We Americans are a bloodthirsty bunch. I recently read a blog post on “internet outrage” and was relieved that the writer penned this issue so well. Like our creator, we are all endowed with a sense of justice. And, just like humans, that sense of justice often comes out totally warped.
A scandal of sorts occurs. Everyone begins to gasp and talk and the outrage develops. People begin to cry for blood. Someone must pay for that. Sometimes, the situation isn’t even the fault of one individual in particular, but someone must be thrown under the bus in order to satiate the rioting crowd. Sometimes, it’s the mess created by one person’s seemingly tiny mistake. Let me digress.
Recently, a CEO with a particular healthcare company was fired after making a racist remark during a company event. I know. That sounds like no-brainer. The individual made the comment casually, clearly without giving any thought to what they were uttering, or who was listening. And I am not defending what was said, or the character of that individual.
But. How many times have I done the same thing? I am fantastic at sticking my foot in my mouth. (I even have a name for it: Foot-in-Mouth Syndrome. Right?) I talk, and sometimes things come out in ways that I did not intend. (It’s good for me to write. And have editors.) And if I’m being totally honest, sometimes the things that come out of my mouth probably reveal more about my sinful heart than I ever intended to show. So, while we’re being honest here, how many of us can actually say, “I have never misspoken. I have never said (or done) the wrong thing, intentionally or not.” We judge, and yet we do the very same things, in one form or another.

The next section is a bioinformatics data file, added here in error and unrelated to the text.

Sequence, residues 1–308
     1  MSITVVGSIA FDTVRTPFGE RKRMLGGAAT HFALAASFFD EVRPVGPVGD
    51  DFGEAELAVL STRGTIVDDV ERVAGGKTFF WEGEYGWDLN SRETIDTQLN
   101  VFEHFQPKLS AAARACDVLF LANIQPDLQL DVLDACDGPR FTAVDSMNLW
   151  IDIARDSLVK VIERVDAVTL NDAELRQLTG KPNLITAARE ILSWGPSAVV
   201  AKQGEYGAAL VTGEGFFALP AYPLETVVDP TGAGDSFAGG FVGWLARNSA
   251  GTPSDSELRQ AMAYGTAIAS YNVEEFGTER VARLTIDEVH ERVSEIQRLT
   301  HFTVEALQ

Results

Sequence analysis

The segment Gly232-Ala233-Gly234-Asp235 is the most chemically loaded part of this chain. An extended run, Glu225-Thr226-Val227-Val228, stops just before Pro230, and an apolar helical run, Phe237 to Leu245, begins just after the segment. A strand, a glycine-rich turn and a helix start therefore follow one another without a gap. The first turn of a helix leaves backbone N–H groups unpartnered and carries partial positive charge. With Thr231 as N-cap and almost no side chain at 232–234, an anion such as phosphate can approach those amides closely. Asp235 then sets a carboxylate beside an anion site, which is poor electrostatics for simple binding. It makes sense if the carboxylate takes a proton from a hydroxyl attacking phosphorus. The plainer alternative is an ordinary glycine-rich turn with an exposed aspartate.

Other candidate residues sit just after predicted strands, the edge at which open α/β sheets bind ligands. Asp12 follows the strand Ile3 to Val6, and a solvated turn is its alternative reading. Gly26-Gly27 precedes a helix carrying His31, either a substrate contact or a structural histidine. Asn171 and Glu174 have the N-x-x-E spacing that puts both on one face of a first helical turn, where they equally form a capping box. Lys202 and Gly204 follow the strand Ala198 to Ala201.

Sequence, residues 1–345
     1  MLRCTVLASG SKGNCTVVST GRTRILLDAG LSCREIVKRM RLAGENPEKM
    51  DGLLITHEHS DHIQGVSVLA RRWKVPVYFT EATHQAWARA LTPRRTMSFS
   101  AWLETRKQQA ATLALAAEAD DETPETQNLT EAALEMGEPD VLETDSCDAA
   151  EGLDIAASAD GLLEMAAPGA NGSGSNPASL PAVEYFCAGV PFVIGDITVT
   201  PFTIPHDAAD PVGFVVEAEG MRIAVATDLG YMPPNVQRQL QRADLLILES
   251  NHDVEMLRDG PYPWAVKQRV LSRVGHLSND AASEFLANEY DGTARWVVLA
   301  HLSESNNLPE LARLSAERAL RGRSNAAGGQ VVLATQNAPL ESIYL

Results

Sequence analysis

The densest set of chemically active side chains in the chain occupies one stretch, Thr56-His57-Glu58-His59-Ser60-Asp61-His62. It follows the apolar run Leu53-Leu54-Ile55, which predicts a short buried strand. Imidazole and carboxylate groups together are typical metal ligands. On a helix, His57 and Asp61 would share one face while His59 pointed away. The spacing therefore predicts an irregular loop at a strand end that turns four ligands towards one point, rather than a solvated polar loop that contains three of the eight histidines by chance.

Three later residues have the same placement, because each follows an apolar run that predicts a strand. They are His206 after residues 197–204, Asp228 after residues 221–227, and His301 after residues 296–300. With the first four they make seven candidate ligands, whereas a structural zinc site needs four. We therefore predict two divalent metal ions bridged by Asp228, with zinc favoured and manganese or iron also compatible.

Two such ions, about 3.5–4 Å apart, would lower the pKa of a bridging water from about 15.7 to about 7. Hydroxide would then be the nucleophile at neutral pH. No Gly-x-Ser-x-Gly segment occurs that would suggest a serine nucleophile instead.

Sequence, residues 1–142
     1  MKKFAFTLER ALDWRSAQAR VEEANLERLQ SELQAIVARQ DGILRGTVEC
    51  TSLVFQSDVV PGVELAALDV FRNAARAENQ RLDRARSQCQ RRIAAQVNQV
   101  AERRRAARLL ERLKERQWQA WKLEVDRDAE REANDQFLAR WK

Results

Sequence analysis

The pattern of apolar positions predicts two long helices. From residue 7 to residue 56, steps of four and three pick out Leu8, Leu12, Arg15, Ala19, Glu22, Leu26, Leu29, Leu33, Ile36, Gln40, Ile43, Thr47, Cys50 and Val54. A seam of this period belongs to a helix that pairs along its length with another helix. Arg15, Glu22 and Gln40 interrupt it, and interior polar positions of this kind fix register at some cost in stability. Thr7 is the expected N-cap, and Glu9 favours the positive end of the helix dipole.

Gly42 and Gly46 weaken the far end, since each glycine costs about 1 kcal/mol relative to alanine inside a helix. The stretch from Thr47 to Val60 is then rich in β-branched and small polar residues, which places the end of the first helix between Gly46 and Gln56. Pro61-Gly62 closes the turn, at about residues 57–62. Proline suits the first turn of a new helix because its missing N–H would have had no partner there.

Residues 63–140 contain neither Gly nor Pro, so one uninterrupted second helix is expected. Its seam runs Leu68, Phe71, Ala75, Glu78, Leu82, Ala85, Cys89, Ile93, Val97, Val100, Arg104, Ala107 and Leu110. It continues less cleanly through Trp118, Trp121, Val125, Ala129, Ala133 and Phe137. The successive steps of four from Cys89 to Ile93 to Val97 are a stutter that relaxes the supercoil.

That guy lost his job, naturally. Career ruined with one lapse in judgment. It happens, right?
Back to our sense of justice. There must always be someone to blame, someone to give an answer, to pay the price for the sin committed. Someone is fired, resigns, is locked away, and often someone makes an example of them.
We get that sense of justice from our Creator. When there were none to be found who could pay the penance following lawless deed after lawless deed to a holy, righteous God, He sent his Son, who set aside His Glory and took on the misery of human flesh and gave his life as a ransom for many. He became my scapegoat. My whipping boy. Jesus threw himself under the bus for me, so that I could get all the goods and share in His inheritance and His Glory someday. In this act I gained my identity, rather than having it stripped away by my failures and missteps.
There’s another amazing aspect to the justice of the Father. When the Son paid the price for all of my sins (past, present, and future), the punishment was over. God didn’t pour out His wrath on His Son, only to turn around and smite me for my offenses. This line of thinking, this “spiritual double-jeopardy”, is blasphemous. If God still needs to punish me, the cross of Christ is rendered useless and incompetent.
The justice of the Father also allows us to extend grace to others, sinners and saints alike. He forgave me, therefore I do not have the right to judge, condemn, or convict anyone else. I don’t need to be the Holy Spirit for anyone; He is far more competent in His line of work than we could ever dream. Wouldn’t it be wonderful if we could all grasp GRACE, even just a little bit? Let’s be that hospital for the broken, rather than a judge for the guilty.
“Jesus paid it all,
All to Him I owe;
Sin had left a crimson stain,
He washed it white as snow.
For nothing good have I
Whereby Thy grace to claim;
I’ll wash my garments white
In the blood of Calvary’s Lamb.
Lord now indeed I find
Thy pow’r, and Thine alone,
Can change the leper’s spots
And melt the heart of stone.”
Jesus Paid It All
Elvina M. Hall, 1865